The installation of the first versions of MS-DOS on a harddisk was rather boring, simply because these OS were primarily intended to be run from floppy diskettes. To simplify things, I decided to use the MS-DOS 3.30 with custom installer, discussed at the Windows/386 2.x page of WinWorld. The following paragraphs describe the installation of MS-DOS, using the diskettes from this download. This installation has to be done for both Windows 1.04 and Windows 2.11.
Be sure that the computer is set to boot from the floppy drive. Check if in the BIOS settings the boot sequence is set to 1. removable devices;
2. harddisk; 3. CD drive. After asking for date and time (just hit ENTER to use the actual values on a VM, that synchronizes the time with the host), the system starts
up and you are in DOS command line. Entering
you'll get a column-formatted directory display of the diskette. Run the custom installer batch file by typing
Hit a key (different from ESC) to launch the partitioning tool fdisk. On the first screen, enter 1 to create a DOS partition (screenshot on the left), on the next one, 1 to create a primary partition (no screenshot). And finally, enter Y to use the entire disk for the DOS partition (screenshot on the right).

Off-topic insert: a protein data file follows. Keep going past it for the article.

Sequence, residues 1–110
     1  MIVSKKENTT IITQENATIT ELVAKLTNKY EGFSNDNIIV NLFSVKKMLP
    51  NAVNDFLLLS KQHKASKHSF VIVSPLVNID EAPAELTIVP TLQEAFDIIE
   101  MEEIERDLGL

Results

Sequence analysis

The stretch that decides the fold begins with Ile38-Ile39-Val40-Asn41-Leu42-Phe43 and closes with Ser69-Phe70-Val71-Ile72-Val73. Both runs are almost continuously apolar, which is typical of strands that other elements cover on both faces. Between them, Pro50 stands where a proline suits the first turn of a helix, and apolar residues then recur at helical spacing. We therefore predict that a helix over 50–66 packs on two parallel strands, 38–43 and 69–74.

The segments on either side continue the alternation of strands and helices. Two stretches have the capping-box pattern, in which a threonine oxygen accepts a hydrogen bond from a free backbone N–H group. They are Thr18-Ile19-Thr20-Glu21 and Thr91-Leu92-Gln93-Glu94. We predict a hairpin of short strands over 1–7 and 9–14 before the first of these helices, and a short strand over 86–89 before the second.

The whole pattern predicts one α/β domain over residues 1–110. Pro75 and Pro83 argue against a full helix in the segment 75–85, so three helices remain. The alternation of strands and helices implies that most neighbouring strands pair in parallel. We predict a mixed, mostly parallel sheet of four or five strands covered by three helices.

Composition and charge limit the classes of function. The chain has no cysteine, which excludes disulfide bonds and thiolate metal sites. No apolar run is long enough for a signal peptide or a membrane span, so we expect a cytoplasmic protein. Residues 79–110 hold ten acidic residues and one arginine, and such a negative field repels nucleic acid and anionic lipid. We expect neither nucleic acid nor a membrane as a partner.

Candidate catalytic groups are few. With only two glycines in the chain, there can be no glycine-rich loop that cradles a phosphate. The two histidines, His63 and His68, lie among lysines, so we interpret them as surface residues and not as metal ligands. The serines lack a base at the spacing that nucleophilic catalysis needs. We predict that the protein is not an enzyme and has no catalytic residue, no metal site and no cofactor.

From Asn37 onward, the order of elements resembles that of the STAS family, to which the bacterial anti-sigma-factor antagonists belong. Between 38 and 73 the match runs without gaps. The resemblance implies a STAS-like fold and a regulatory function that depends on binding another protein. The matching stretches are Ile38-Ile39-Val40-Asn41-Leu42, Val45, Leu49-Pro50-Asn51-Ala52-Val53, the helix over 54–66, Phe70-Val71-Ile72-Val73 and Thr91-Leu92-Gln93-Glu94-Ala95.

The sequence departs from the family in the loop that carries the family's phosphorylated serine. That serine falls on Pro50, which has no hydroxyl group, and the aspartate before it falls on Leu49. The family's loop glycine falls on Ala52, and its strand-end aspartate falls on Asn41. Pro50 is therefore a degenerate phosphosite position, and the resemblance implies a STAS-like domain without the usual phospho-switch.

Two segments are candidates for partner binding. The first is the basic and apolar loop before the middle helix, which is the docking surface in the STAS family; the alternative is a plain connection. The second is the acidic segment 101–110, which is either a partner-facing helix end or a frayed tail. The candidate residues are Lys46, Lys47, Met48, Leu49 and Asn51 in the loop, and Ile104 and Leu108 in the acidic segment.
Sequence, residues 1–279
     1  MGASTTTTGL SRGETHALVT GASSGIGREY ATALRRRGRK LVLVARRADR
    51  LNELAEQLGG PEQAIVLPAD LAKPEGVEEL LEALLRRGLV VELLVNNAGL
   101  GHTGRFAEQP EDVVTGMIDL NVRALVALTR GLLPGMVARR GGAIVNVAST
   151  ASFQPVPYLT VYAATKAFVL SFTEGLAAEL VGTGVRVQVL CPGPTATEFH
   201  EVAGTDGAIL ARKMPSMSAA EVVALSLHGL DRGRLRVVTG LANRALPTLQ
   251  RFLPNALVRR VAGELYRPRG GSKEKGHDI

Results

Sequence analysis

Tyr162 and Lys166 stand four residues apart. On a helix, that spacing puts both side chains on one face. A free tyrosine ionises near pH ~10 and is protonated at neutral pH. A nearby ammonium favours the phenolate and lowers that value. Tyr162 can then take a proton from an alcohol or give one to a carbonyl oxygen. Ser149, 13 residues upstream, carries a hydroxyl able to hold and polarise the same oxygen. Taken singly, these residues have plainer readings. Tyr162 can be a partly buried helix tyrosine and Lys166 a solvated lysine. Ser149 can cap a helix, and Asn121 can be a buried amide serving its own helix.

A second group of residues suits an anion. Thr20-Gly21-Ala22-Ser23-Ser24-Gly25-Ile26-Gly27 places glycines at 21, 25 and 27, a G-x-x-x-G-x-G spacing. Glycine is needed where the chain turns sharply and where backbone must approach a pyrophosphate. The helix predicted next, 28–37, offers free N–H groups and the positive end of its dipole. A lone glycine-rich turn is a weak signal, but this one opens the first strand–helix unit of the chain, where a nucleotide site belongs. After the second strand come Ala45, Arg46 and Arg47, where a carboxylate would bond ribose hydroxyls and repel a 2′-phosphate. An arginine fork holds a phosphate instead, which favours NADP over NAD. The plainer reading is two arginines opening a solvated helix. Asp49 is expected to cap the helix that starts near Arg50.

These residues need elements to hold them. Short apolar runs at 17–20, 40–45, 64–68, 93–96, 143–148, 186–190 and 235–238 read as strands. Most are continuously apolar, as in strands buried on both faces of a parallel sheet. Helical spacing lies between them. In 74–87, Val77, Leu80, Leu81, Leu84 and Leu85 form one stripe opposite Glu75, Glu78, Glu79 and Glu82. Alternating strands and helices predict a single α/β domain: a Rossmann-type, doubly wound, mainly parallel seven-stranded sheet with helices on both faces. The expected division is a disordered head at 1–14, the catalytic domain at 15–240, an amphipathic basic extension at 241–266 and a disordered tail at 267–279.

After the partition creation, the system reboots. I suppose that fdisk automatically sets the first partition created active. At the command prompt, enter dosinst as before, also hit a key to start fdisk. But, this time, instead of entering 1 to create a new partition, hit the ESC key. Setup continues with the formatting of the partition. You'll have to confirm to do this (screenshot on the left), because if the partition contained any data, it would be destroyed. When done, you are asked to enter a volume label for the C: drive. I named it "SYSTEM" (screenshot on the right).
The partition now ready, the setup script starts to copy files to the harddisk. This is a little bit messy, as with only one floppy-drive, diskettes have to be changed several times and it's not always clear, which diskette is referred to. Here, how the script calls the diskettes and which disk is actually meant:
- disk for drive a = disk1;
- disk for drive b = disk2;
- disk with batch file = disk1.